MAGIC Flourishes Amid Several Changes in Las Vegas
In the past few years, MAGIC, the biennial series of shows serving the fashion retail industry, has undergone one major change of ownership and is on the cusp of a possible other, as well as bought even more shows so that now there are a dozen running at the same time in Las Vegas.
The most recent MAGIC, held Feb. 12-14 at the Las Vegas Convention Center and Mandalay Bay Convention Center, marked a further evolution in the fast-growing series of shows.
In 2016, MAGIC’s parent company, UBM, bought Business Journals Inc. and took several of BJI’s shows, including STITCH, MRket and AccessoriesTheShow and folded them into MAGIC.
STITCH maintained its brand name and now is a standalone show alongside PROJECT Womens at the Mandalay, while MRket (menswear) and the accessories event were melded into existing shows.
“STITCH actually is really one of the fastest-growing,” said Mike Alic, managing director, UBM Fashion.
He added, “The Mandalay expansion allowed everything to all be one level. We worked a lot on the flow of the showfloor – from one product to the next.”
Instead of promising certain spots on the showfloor to ‘anchor’ exhibitors or doing space draws, MAGIC assigns everything based on what it the most effective way for a buyer to shop the show, Alic said.
“We also offer turnkey booth packages, so it makes it easier to do ‘neighborhoods’,” he added.
The shift in retail from brick-and-mortar stores to more online shopping also has meant changes to the buyers and sellers that come to the show, Alic said.
“Clearly, the one big change in buyers we have had is a rapid growth in online retailers,” he added. “Hundreds come here from Amazon.”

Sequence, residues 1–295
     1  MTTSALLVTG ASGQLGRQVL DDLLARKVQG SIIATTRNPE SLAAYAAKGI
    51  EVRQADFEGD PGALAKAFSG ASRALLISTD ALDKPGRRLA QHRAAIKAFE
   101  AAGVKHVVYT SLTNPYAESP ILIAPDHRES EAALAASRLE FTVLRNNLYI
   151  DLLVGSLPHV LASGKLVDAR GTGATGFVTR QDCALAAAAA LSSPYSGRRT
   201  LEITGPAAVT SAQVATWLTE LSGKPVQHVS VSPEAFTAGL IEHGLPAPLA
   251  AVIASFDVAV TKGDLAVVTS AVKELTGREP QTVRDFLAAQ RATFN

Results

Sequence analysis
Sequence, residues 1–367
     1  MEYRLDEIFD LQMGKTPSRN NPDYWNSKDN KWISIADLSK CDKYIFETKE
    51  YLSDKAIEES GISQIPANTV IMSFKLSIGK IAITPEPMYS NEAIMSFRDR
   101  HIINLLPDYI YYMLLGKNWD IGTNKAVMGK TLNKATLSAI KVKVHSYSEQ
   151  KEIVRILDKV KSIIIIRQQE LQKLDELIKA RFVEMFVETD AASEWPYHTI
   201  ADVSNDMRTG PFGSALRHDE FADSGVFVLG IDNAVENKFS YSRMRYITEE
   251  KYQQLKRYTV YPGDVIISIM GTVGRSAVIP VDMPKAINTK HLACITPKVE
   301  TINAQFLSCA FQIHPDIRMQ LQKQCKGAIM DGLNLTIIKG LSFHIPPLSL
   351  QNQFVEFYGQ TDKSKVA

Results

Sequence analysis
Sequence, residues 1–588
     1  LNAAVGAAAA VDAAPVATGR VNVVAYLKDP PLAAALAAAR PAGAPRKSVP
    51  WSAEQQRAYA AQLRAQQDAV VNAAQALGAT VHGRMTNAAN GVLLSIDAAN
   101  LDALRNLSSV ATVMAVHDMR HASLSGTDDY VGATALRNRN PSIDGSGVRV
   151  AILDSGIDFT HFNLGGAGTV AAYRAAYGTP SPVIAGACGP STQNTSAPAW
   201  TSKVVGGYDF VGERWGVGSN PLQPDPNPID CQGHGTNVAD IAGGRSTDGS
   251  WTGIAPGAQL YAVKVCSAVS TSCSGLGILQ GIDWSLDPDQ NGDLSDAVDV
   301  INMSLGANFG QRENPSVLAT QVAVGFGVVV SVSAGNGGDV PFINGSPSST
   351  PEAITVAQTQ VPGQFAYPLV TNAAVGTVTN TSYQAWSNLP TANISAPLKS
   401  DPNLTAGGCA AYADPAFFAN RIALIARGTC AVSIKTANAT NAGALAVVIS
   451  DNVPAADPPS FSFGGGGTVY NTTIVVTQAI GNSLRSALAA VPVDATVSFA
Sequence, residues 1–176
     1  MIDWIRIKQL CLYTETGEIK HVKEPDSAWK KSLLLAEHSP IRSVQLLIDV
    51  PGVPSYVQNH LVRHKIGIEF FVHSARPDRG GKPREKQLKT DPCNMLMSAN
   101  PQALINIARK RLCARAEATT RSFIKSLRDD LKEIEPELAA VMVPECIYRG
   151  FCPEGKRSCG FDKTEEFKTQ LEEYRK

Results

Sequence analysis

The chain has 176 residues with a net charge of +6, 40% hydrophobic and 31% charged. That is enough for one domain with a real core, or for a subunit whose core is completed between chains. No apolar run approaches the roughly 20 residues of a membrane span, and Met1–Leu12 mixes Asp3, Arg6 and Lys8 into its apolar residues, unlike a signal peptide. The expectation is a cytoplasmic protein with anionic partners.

Ten percent of the attendees represent online retailers at the show, he added. “In some ways they buy the same as a traditional brick and mortar, Alic said.
The showfloor also has grown into new product categories since buyers often either go into a store and buy online expecting to also see beauty and home products being offered.
As a result, there was a new ‘home’ section added to Project Women’s with everything from candles to stationary being offered, as well as a new section called GLAM that was part of WWDMAGIC and featured all kids of beauty products.
MAGIC also has gone even more international, forging a first-time partnership with mmode, which represented 80 fashion brands from Montreal that were scattered throughout the show.
“Montreal is the third largest fashion city in North America,” Alic said. “We put their products into categories that made sense for the buyers. … They wanted to help their members go abroad.”
MAGIC also launched a presence on WeChat, a social media communications platform widely used in China. Especially with the attendees/buyers in the Sourcing areas of the show, Alic said it helps with communications.
“Our customers are on WeChat,” he added, “We need to be where they are.”
One more big change that might be coming to MAGIC very soon is another change in ownership. In January, Informa offered to buy UBM for $5.5 billion. The deal is pending until a shareholder vote takes place and, if approved, is expected to close soon after.